These modified “gluten peptides” have an increased affinity to bind well to HLA DQ2/DQ8 molecules on the antigen presenting cell stimulating a TH type 1 dependent inflammatory reaction. “Gluten peptides” bound to HLA DQ2/DQ8 are then recognized by CD4 T cells in lamina propria of celiac disease patients stimulating expansion of cytotoxic intrepithelial lymphocytes (IELS) and expression of activated NK (natural killer) cells which mediate epithelial cell destruction.
In susceptible patients, gliadin may interact with the intestine to trigger Zonulin release leading to disassembly of interenterocyte tight junctions and increased intestinal permeability. The increased intestinal permeability may occur prior to onset of clinical expression of celiac disease.
What laboratory studies should you request to help confirm the diagnosis? How should you interpret the results?
The first choice in testing is the IgA tissue transglutaminase (tTGA) test. If the IgA anti-tTGA result is equivocal, then check IgA anti endomysial antibody (EMA). Check serum IgA level to ensure that the patient is not IgA deficient (which can result in a negative IgA anti-tTGA test and negative IgA-EMA test).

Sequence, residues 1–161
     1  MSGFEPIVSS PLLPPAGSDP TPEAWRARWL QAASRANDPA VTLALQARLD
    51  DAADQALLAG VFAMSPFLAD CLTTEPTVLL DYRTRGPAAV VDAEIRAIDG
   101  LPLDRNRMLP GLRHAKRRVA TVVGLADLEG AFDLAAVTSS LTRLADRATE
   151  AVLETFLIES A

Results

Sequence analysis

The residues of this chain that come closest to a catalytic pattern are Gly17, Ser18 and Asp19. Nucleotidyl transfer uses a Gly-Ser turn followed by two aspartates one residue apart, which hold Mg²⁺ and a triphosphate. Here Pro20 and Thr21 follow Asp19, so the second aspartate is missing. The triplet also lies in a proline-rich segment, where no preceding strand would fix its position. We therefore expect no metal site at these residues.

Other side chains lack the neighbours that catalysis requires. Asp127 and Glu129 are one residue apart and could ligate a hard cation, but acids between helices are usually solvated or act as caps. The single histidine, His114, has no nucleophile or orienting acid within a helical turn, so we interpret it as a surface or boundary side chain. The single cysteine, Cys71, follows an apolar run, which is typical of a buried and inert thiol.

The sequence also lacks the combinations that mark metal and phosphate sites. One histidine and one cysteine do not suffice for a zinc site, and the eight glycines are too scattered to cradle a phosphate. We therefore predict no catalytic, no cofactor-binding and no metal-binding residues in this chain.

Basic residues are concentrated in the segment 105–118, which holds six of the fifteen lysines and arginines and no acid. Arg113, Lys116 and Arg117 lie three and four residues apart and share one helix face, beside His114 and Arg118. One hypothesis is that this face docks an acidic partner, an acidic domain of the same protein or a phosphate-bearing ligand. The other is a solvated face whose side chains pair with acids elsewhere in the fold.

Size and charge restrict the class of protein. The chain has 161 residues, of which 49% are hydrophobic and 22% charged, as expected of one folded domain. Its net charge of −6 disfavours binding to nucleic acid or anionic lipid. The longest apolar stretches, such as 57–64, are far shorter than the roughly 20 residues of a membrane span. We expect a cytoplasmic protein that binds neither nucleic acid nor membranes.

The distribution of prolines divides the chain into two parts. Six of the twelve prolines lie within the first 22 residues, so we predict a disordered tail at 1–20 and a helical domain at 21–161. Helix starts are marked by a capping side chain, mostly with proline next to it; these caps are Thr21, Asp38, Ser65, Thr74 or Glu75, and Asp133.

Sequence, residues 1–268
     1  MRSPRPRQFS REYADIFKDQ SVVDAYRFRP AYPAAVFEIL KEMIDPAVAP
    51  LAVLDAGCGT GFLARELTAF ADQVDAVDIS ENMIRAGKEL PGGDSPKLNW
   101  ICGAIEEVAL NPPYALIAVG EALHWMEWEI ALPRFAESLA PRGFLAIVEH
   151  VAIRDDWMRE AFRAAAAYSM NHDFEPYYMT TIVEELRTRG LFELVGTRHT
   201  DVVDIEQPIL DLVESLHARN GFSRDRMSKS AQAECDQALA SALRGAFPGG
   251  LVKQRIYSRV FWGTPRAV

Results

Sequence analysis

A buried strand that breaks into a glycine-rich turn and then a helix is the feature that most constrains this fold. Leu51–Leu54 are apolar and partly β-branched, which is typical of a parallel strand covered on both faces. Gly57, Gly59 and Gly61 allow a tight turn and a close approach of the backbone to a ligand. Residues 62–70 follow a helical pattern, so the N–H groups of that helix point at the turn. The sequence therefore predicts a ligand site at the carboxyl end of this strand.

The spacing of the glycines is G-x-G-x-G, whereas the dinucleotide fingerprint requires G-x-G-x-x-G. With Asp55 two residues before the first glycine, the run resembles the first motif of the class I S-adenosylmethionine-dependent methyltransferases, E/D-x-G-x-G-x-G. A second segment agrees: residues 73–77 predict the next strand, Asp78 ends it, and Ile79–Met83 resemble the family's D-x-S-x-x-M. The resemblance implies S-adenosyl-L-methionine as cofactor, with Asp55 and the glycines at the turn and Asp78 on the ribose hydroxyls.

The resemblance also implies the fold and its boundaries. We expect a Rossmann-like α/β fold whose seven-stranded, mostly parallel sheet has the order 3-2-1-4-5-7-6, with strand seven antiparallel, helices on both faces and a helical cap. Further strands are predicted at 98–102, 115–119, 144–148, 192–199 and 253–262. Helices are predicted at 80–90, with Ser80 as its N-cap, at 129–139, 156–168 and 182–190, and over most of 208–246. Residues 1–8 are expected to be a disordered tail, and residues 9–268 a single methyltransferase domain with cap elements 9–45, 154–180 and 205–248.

Positive serologies should be confirmed with small bowel biopsy showing at least Marsh 2 lesion to confirm a diagnosis of celiac disease. Small intestinal biopsies should be obtained by grasp biopsy forceps during Esophagogastroduodenoscopy. Given the patchy nature of mucosal changes in children with celiac disease, multiple endoscopic duodenal biopsies (6 to 8 biopsies in total) should be obtained from distal segments duodenum and from duodenal bulb.
In a case where celiac disease is suspected in a patient with confirmed IgA deficiency: If IgA anti tTG is negative, then one can assess IgA/IgG anti DGP (anti- deamidated gliadin peptide) and IgG tTG and IgG EMA.
If serologies are negative but there is still a high clinical suspicion of celiac disease: refer to GI for small bowel biopsies. Do not use serological testing for celiac disease in infants before gluten is introduced into the diet. Prior to checking celiac serologies and small bowel biopsies, individual should be on gluten containing diet daily for at least 6 weeks before testing (Timing of gluten exposure not fully known) .
Genetic Testing for HLA DQ2- HLA DQ8
HLA DQ2 and HLA DQ8 testing is a polymerase chain reaction of RNA extracted from blood sample or cells from a cheek swab. Testing occurs one time and is not related to gluten exposure. Testing of asymptomatic children in ” genetically at risk” group include children and siblings of first degree family member with biopsy proven celiac disease.